Scientists discover a new species of giant amphibian that was one of the largest predators on earth about 220 million year ago. Tara Cleary reports.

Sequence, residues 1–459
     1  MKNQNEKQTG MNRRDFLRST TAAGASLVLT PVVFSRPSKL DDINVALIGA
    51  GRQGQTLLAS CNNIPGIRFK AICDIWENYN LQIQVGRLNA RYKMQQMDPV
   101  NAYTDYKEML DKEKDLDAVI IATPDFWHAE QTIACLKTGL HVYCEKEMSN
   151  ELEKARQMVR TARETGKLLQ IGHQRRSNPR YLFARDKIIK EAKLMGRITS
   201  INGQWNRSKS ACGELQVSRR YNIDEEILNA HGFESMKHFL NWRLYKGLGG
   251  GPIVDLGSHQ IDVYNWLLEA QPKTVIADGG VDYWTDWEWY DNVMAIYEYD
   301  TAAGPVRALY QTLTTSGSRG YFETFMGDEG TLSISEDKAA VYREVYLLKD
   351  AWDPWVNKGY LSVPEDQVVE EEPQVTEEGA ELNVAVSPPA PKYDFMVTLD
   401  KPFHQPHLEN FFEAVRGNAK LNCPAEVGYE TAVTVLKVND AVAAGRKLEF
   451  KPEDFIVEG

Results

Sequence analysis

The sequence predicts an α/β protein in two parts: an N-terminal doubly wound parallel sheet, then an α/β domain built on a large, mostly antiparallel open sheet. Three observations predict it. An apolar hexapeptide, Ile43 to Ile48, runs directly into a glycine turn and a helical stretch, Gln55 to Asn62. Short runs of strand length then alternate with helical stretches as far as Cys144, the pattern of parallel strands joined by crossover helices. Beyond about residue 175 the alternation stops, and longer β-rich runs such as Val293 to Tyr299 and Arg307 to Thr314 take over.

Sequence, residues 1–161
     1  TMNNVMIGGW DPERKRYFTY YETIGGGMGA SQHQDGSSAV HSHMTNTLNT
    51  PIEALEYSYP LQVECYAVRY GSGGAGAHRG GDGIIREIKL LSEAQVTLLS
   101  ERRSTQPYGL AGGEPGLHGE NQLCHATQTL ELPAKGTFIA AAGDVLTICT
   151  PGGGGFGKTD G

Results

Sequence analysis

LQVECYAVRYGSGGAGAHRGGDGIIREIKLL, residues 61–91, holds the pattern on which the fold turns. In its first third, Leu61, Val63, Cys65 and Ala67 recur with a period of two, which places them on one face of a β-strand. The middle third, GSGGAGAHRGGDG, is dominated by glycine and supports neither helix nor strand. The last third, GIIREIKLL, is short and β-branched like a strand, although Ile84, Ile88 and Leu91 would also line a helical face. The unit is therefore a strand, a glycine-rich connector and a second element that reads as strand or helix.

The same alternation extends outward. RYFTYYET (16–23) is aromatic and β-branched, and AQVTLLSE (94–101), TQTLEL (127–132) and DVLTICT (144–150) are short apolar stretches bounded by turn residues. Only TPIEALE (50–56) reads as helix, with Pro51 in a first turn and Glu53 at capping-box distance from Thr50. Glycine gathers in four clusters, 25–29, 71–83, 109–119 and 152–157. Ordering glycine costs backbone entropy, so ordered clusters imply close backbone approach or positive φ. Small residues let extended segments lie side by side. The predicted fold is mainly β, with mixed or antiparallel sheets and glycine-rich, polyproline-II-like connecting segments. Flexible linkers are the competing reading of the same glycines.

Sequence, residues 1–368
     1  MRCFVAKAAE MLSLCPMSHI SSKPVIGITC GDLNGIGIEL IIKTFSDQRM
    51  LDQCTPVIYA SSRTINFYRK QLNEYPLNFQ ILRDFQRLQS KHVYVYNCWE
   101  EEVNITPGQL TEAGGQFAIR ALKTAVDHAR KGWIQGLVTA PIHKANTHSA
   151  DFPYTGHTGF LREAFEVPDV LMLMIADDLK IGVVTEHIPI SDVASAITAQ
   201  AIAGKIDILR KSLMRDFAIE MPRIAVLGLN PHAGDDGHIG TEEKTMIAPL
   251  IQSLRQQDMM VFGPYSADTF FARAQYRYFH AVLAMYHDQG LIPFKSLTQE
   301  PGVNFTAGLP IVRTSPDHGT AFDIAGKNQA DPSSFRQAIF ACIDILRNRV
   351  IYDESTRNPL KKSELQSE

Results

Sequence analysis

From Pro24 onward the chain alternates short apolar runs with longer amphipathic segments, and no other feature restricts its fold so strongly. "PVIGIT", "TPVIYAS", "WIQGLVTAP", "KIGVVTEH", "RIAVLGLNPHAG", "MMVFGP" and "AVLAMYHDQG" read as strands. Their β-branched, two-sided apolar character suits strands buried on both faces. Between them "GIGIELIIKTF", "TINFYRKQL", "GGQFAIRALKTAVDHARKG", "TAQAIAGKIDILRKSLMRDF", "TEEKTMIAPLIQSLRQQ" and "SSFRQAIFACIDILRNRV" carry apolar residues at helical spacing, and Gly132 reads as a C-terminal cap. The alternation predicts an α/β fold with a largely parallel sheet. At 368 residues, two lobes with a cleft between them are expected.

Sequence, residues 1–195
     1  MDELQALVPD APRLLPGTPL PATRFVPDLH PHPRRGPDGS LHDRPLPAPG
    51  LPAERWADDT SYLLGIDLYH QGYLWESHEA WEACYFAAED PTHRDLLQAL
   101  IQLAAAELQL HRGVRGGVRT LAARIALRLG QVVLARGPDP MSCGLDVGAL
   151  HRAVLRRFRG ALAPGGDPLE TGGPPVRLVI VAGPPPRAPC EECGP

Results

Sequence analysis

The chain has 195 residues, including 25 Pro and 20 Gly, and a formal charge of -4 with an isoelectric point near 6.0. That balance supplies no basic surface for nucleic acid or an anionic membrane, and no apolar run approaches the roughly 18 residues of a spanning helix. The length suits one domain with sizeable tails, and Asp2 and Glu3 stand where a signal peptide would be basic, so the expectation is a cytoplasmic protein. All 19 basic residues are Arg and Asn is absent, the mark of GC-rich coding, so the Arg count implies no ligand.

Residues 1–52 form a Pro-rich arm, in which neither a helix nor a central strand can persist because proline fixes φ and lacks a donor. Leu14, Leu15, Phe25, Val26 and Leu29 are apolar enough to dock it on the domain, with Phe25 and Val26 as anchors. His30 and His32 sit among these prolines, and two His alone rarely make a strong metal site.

Scientists Octavio Mateus and Alexandra Tomas clean the fossilized bones of a new species of amphibian found in Portugal. Called Metoposaurus algarvensis, the giant salamanders were about two meters long and similar to today's crocodiles. They lived in lakes and rivers around 220 million years ago - making them much older than T-Rex. Metoposaurus fossil remains have been found before, in Africa, Europe and North America, but differences in the skull and jaw of those unearthed in Portugal suggest they belong to a different species. Mateus says the fossils were discovered in a graveyard full of bones where dozens of animals may have died. SOUNDBITE: Octavio Mateus, paleontologist, University of Nova in Lisbon, saying (English): "Why do we have so many of these large amphibians in one spot alone? We think this was an ancient lake that kind of dried out until a small part, a few square meters with the last bit of water and all these animals stayed around and hoped to have some rain, never came and they all dried out and they all died in the same spot." Only a fraction of the site has been excavated so far, and the team will continue trying to unearth new fossils.